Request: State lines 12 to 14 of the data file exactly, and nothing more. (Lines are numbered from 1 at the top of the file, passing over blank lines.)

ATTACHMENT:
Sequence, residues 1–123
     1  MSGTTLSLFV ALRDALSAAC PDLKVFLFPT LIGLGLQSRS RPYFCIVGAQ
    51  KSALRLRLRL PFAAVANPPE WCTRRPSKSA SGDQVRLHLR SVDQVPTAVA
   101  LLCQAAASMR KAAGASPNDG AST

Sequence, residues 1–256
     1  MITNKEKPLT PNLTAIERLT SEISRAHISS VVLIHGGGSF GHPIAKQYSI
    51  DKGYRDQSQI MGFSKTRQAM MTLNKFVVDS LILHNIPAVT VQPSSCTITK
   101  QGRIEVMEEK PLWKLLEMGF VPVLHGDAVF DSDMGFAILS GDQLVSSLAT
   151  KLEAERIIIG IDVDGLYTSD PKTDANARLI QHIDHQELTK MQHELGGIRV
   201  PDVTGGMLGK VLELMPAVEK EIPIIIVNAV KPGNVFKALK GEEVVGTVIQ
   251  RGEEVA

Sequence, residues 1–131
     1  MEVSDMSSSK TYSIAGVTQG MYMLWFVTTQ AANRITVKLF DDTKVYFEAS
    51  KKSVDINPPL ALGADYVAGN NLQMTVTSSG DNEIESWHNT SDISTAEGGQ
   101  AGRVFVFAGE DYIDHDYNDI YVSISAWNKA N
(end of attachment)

Sequence, residues 1–131
     1  MEVSDMSSSK TYSIAGVTQG MYMLWFVTTQ AANRITVKLF DDTKVYFEAS
    51  KKSVDINPPL ALGADYVAGN NLQMTVTSSG DNEIESWHNT SDISTAEGGQ